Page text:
Callum Hudson-Odoi's solo goal for the development squad yesterday… 👀👍 pic.twitter.com/96XLCEyWN1
— Chelsea FC (@ChelseaFC) November 26, 2017
Hudson-Odoi eventually made his first-team bow on January 31, 2018. Introduced as a substitute in a 3-0 defeat at home to Bournemouth, he became the second-youngest player to make his Premier League debut for Chelsea, aged just 17 years and 43 days.
It wasn’t until this summer, though, that CHO, as he’s been nicknamed by Blues fans, established himself in the first-team squad. He impressed in pre-season, namely against Arsenal, a game in which he tormented Hector Bellerin, and then in the Community Shield against Manchester City.
“He will be a very, very strong player,” Conte’s replacement, Maurizio Sarri, said after the curtain raiser at Wembley. “Will he be in the first team squad? I think so. He will be staying with us for all the season.”
Somewhat harshly, he’s only featured once in the Premier League under Sarri at the time of writing. But in the Europa League, he has made four appearances, completing 90 minutes twice.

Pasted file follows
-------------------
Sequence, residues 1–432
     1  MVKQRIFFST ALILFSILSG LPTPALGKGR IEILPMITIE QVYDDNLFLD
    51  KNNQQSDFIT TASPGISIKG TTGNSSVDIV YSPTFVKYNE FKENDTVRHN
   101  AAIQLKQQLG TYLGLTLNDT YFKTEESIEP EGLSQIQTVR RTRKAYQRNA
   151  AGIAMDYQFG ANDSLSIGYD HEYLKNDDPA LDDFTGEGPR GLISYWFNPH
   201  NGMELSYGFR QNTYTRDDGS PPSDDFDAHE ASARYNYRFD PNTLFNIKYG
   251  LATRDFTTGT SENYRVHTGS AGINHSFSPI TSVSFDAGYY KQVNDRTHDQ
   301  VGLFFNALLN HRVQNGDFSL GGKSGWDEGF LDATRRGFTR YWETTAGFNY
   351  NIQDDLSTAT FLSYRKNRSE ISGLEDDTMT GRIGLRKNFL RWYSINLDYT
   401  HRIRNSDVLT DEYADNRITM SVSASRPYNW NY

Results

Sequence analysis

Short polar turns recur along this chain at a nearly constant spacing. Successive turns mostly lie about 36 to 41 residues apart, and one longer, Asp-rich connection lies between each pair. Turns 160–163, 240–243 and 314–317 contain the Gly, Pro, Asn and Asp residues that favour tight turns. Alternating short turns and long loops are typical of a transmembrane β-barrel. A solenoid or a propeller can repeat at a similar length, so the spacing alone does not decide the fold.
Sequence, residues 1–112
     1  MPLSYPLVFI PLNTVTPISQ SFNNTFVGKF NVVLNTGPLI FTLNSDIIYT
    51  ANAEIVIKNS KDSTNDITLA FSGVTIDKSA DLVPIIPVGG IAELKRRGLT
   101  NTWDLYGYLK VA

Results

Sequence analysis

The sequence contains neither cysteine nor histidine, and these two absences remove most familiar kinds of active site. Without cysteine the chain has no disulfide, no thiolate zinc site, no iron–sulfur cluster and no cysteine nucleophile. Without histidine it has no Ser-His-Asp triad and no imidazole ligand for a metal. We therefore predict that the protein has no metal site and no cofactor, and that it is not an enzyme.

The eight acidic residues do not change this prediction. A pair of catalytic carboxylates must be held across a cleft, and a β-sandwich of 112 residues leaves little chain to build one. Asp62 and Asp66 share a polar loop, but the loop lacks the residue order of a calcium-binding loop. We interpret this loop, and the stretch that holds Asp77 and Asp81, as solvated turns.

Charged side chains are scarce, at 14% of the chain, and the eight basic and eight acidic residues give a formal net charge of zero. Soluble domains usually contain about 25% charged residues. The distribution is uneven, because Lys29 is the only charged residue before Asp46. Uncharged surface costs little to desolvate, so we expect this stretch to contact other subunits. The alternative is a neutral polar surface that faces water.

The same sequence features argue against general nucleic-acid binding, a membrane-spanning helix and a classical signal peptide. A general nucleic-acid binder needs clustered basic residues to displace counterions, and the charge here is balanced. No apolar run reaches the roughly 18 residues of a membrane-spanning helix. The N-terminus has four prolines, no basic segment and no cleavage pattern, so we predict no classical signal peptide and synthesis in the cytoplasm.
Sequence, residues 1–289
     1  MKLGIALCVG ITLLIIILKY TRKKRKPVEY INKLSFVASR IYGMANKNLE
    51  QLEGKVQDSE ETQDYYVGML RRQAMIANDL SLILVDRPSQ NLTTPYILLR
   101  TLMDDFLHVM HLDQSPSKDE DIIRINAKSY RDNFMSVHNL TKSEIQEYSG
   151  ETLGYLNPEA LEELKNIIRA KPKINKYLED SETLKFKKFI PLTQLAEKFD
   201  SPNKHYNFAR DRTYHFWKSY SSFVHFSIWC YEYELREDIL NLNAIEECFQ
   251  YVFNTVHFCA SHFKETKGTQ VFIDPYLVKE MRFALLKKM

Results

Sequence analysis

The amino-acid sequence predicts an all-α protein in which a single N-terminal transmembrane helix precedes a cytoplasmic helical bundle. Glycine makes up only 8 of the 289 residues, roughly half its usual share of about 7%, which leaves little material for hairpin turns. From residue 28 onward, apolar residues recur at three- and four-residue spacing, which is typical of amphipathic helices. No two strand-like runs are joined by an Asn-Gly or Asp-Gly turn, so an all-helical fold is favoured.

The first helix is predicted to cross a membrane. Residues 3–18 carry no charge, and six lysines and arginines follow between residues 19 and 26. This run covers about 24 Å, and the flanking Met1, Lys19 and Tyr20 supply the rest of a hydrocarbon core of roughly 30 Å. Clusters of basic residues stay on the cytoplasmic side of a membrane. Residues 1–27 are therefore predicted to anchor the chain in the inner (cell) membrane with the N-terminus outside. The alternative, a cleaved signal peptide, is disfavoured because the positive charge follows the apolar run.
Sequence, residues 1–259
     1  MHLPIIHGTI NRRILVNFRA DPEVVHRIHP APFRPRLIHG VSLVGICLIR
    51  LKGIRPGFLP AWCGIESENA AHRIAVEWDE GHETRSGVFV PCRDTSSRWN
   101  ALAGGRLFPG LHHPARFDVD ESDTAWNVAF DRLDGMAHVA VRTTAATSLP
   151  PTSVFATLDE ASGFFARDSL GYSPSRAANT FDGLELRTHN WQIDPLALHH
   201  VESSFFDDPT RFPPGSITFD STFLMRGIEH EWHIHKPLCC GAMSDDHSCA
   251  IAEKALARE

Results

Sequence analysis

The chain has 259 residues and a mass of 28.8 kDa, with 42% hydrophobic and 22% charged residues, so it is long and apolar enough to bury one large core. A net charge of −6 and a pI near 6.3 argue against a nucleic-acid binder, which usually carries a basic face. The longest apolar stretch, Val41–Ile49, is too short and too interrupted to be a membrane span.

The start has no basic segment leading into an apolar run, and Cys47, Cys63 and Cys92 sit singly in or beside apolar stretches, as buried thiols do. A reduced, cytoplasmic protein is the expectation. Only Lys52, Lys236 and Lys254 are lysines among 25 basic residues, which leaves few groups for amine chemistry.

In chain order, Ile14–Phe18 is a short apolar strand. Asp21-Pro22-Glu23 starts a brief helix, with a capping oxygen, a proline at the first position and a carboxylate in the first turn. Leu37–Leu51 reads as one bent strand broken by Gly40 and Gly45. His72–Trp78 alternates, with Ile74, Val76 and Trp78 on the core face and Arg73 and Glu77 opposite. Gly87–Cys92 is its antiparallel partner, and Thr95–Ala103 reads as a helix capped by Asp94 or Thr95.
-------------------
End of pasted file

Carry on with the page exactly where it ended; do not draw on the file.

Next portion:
And his performance against Greek side PAOK, who were admittedly reduced to ten men after just seven minutes, certainly whetted the appetite of Chelsea fans.
Hudson-Odoi scored once and created another in the 4-0 win. Yet what stood out was how he can make an impact either on the right or left side of a front three.
His first senior goal was a replica of many he scored for the Under-18s.
He received a pass on the left of the penalty area, moved into the 18-yard box and shaped to shoot into the far corner. Yet, at the last moment, wrapped his foot around the ball and fired into the near post.
For the final 20 minutes of the victory, Hudson-Odoi was moved out to the right side of the attack.
He is undoubtedly stronger coming in off the left but is up against Eden Hazard for that spot in the side. So he displayed the poise and precision to his game that makes him a viable alternative to Willian and Pedro.
Hudson-Odoi picked up the ball from Gary Cahill, looked up and spotted Àlvaro Morata in between the two centre-backs. It’s not an easy pass but the accuracy and pace on the cross is perfect for the Spaniard to head home.
The above are (so far) Hudson-Odoi’s two standout moments in a Chelsea shirt. They display his technique and intelligence, pace and power.
And impressively, despite having only played 215 minutes of Europa League action, he is second among attackers for successful take-ons (14) and eighth for open play key passes (8). The fact he’s only been dispossessed six times also highlights he knows there is a time to dribble and a time to play the simple pass.
It all paints a picture of a future star. And so the big question isn’t whether Hudson-Odoi will make it to the top, it’s where he will do it. Chelsea, and the club’s fans, desperately hope it will be Stamford Bridge. We’ll find out in the next six months if the winger feels the same.